Talmy Givón

Nominalization and re-finitization


The logical (set-theoretical) relation between Nominalization and Non-finiteness has been given variously as full identity or partial overlap. In this paper I will suggest that it is more like an inclusion relation, with nominalized clauses being one important type of reduced finiteness. I will then suggest that Nominalization is better understood as a property of the whole clause rather than of just the verb; and that finiteness is a scalar rather than discrete phenomenon.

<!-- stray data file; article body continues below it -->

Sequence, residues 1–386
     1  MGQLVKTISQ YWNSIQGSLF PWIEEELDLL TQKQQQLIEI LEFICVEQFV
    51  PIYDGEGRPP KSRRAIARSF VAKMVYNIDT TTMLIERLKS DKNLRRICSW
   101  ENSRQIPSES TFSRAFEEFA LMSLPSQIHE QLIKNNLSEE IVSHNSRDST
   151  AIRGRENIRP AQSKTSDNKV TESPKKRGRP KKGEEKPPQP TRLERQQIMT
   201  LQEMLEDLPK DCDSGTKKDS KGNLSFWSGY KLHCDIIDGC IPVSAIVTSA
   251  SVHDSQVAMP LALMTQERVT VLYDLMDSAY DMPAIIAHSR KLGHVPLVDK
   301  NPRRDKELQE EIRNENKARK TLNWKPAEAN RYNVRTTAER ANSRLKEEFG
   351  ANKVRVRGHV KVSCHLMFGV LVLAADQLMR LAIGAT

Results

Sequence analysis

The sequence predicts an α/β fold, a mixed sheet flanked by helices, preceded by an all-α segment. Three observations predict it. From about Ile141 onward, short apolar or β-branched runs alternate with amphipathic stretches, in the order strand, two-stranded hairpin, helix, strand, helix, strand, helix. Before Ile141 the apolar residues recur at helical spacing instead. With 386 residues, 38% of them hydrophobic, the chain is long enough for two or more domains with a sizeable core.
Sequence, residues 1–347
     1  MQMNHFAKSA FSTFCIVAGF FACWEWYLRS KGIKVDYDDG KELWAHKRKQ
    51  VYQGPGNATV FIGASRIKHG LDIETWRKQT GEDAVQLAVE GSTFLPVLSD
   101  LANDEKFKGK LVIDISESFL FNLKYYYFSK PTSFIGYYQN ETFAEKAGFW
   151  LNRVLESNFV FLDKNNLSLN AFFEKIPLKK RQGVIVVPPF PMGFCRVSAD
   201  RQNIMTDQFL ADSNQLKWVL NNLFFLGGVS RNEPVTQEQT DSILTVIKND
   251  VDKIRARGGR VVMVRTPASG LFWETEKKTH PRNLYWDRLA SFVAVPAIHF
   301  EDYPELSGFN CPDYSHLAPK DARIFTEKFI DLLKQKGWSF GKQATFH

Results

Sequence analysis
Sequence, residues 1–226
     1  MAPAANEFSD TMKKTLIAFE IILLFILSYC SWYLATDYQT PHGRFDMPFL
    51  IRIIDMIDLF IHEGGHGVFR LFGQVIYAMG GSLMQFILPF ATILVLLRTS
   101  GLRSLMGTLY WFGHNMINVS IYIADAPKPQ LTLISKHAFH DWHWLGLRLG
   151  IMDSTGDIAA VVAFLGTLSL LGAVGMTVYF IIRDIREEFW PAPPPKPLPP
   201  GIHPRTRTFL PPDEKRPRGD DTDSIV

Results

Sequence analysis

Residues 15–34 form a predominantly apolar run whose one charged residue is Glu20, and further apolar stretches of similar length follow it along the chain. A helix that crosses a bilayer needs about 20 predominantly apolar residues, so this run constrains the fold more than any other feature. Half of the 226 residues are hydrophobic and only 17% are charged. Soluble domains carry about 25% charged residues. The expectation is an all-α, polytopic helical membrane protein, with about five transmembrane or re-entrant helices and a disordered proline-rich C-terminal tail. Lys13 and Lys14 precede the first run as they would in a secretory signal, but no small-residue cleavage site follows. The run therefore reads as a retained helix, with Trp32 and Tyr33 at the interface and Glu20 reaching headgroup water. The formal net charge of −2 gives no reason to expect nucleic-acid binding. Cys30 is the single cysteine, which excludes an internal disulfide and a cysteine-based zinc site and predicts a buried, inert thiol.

I will next survey three extreme typological points: (i) languages in which subordinate clauses can be either finite or nominalized (English); (ii) languages in which all clause-types, including subordinate clauses, are finite (Tolowa Athabaskan); and (iii) languages in which all subordinate clauses are nominalized (Ute). In the last part of the paper, I will discuss some possible diachronic pathways by which subordinate clauses in languages of type (iii) can re-aquire finite structure, and thus revert toward type (i) or (ii). An underlying theme running through the paper is that synchronic typology is not very meaningful unless viewed from a diachronic perspective.